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2019-07-17 20:19:47



Protecting a forgotten treasure trove of biodiversity  

The lesser-known Cerrado biome in Brazil is a hotspot of biodiversity, but it is being destroyed at an alarming rate by unsustainable agricultural activities. A study calls attention to this forgotten region and urges the international community to support measures for its protection.

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2019-07-17 19:26:26



Correcting historic sea surface temperature measurements  

Why did the oceans warm and cool at such different rates in the early 20th century? New research points to an answer both as mundane as a decimal point truncation and as complicated as global politics. Part history, part climate science, this research corrects decades of data and suggests that ocean warming occurred in a much more homogenous way.

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2019-07-17 18:58:16



What counts for our climate: Carbon budgets untangled  

The more CO2 we emit from burning coal and oil and gas, the more we heat our climate -- this sounds simple, and it is. Different analyzes have come up with different estimates of how much CO2 humankind can still emit if we want to hold global warming to the internationally agreed 1.5 and well below 2 degrees Celsius limits, but a lack of clarity of the reasons causing these variations has created unnecessary confusion, a new study shows.

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2019-07-17 18:42:58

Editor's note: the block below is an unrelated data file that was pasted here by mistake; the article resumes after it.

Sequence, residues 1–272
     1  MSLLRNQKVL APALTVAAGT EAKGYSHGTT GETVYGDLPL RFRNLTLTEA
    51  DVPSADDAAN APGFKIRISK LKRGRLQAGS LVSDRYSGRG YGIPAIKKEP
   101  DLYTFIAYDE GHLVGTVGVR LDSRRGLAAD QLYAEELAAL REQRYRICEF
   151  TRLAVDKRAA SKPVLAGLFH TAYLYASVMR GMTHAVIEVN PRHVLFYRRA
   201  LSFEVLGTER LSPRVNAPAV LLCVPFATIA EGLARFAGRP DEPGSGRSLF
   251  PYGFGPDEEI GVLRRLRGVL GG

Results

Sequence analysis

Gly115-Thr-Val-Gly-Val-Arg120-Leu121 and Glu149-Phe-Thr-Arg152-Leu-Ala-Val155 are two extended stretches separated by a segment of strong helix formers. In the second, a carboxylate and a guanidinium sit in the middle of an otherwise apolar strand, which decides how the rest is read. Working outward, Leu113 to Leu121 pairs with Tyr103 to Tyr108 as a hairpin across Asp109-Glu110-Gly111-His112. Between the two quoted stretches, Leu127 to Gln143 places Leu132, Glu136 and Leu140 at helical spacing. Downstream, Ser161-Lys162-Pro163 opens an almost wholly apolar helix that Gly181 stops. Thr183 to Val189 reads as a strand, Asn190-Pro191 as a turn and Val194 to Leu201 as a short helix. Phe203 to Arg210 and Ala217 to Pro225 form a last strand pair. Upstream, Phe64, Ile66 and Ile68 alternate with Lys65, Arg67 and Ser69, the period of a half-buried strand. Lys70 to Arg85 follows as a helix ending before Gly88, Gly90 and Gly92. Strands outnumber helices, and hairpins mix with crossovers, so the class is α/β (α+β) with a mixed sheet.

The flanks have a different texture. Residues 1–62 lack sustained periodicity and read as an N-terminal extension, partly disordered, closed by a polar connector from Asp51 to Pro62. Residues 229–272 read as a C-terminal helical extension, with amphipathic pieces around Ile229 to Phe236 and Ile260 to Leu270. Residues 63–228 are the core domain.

DNA origami joins forces with molecular motors to build nanoscale machines  

For decades, researchers have chased ways to study biological machines. Every mechanical movement -- from contracting a muscle to replicating DNA -- relies on molecular motors that take near-undetectable steps. Trying to see them move is like trying to watch a soccer game taking place on the moon. Now, with DNA origami helicopters, researchers have captured the first recorded rotational steps of a molecular motor as it moved from one DNA base pair to another.

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2019-07-17 18:32:09



Rare inherited enzyme disorder yields insight into fibrosis  

Investigators have discovered an association between a deficiency in the enzyme neuraminidase 1 and the build-up of connective tissue in organs, suck as the muscle, kidney, liver, heart and lungs.

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2019-07-17 18:11:11



Spawn of the triffid? Tiny organisms give us glimpse into complex evolutionary tale  

Two newly discovered organisms point to the existence of an ancient organism that resembled a tiny version of the lumbering, human-eating science fiction plants known as 'triffids.'

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2019-07-17 16:19:16



How Humans' Unique Cooking Abilities Might Have Altered Our Fate  

(Credit: Petr Bonek/Shutterstock) If you cooked dinner today — even a Cup O Noodles — you did something extraordinary and uniquely human. While the rest of the animal kingdom subsists on raw food, we Homo sapiens cook our chow. And according to some researchers, this distinction made all the difference: When our ancestors mastered cooking roughly 2 million years ago it changed the course of human evolution, they say. Because cooked food provides more energy, the habit led to...

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2019-07-17 15:59:53



Legalized recreational marijuana a substitute for alcohol, but not tobacco